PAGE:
Pub Date: July 11, 1960

ISBN: 0060935464

Page Count: 323

Publisher: Lippincott

Review Posted Online: Oct. 7, 2011

Kirkus Reviews Issue: July 1, 1960

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The phrase “tour de force” could have been invented for this audacious novel.

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A LITTLE LIFE

Four men who meet as college roommates move to New York and spend the next three decades gaining renown in their professions—as an architect, painter, actor and lawyer—and struggling with demons in their intertwined personal lives.

Yanagihara (The People in the Trees, 2013) takes the still-bold leap of writing about characters who don’t share her background; in addition to being male, JB is African-American, Malcolm has a black father and white mother, Willem is white, and “Jude’s race was undetermined”—deserted at birth, he was raised in a monastery and had an unspeakably traumatic childhood that’s revealed slowly over the course of the book. Two of them are gay, one straight and one bisexual. There isn’t a single significant female character, and for a long novel, there isn’t much plot. There aren’t even many markers of what’s happening in the outside world; Jude moves to a loft in SoHo as a young man, but we don’t see the neighborhood change from gritty artists’ enclave to glitzy tourist destination. What we get instead is an intensely interior look at the friends’ psyches and relationships, and it’s utterly enthralling. The four men think about work and creativity and success and failure; they cook for each other, compete with each other and jostle for each other’s affection. JB bases his entire artistic career on painting portraits of his friends, while Malcolm takes care of them by designing their apartments and houses. When Jude, as an adult, is adopted by his favorite Harvard law professor, his friends join him for Thanksgiving in Cambridge every year. And when Willem becomes a movie star, they all bask in his glow. Eventually, the tone darkens and the story narrows to focus on Jude as the pain of his past cuts deep into his carefully constructed life.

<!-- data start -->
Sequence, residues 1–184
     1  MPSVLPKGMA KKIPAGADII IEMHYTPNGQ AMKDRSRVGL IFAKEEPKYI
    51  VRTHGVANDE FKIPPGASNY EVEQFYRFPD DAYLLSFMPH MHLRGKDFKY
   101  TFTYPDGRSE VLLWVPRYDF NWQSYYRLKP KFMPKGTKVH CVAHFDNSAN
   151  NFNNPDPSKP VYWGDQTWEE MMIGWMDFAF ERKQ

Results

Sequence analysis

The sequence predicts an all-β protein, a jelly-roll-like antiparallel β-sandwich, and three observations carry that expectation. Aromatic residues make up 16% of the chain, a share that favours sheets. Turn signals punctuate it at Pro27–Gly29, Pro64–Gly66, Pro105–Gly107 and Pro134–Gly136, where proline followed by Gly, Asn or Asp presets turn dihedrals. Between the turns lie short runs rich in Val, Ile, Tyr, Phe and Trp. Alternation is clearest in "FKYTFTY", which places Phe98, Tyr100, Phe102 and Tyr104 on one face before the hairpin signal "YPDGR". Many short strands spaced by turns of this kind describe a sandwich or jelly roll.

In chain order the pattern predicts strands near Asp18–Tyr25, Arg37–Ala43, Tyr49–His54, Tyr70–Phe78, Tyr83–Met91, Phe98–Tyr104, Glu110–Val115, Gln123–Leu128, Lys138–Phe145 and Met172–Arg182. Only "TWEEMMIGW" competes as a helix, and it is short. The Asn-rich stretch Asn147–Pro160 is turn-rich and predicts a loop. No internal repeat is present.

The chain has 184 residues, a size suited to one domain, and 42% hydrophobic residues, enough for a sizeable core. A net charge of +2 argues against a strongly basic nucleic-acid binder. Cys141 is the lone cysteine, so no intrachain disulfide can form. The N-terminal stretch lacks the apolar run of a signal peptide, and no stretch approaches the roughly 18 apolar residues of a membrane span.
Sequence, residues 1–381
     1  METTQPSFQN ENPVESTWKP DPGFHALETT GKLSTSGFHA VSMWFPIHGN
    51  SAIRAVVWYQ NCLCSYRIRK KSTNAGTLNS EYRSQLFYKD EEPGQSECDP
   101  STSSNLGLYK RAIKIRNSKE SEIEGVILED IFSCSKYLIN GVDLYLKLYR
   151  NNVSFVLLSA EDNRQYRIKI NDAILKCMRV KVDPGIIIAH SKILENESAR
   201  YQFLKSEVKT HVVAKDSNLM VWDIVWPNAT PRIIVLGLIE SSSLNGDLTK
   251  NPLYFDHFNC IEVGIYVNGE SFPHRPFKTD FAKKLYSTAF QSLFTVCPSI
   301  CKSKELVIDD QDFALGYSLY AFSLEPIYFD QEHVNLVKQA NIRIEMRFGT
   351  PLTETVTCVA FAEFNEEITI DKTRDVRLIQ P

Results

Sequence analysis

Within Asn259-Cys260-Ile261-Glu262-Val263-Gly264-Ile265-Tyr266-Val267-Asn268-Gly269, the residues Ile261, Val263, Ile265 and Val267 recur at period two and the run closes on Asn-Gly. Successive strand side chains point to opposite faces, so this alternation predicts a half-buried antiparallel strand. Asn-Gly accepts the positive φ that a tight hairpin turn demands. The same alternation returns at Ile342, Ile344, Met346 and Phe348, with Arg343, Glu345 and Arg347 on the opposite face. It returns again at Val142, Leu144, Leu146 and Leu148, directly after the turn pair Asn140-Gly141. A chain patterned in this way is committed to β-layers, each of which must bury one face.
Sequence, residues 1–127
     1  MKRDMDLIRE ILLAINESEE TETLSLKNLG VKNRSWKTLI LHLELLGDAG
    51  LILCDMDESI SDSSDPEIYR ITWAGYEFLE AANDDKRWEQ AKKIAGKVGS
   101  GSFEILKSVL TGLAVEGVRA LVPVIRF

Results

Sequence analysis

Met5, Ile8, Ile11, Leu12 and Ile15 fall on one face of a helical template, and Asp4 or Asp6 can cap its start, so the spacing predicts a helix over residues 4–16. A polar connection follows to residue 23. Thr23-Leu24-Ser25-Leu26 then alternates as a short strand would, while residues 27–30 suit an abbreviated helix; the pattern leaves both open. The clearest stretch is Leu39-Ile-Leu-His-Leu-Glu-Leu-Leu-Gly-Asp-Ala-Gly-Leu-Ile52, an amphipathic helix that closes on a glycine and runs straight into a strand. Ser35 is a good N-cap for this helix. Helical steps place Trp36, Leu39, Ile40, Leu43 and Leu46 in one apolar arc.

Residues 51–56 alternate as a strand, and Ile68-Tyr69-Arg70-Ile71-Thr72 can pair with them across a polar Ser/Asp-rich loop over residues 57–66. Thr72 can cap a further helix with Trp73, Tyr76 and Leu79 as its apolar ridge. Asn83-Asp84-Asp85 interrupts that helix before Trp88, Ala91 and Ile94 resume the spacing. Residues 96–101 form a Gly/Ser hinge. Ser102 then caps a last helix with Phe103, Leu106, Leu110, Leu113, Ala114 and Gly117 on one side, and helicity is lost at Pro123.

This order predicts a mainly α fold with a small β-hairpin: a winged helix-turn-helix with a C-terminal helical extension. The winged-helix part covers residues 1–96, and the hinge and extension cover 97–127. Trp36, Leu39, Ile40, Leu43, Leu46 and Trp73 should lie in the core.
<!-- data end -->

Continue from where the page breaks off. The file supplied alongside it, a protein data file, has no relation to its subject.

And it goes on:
The phrase “tour de force” could have been invented for this audacious novel.

Pub Date: March 10, 2015

ISBN: 978-0-385-53925-8

Page Count: 720

Publisher: Doubleday

Review Posted Online: Dec. 22, 2014

Kirkus Reviews Issue: Jan. 1, 2015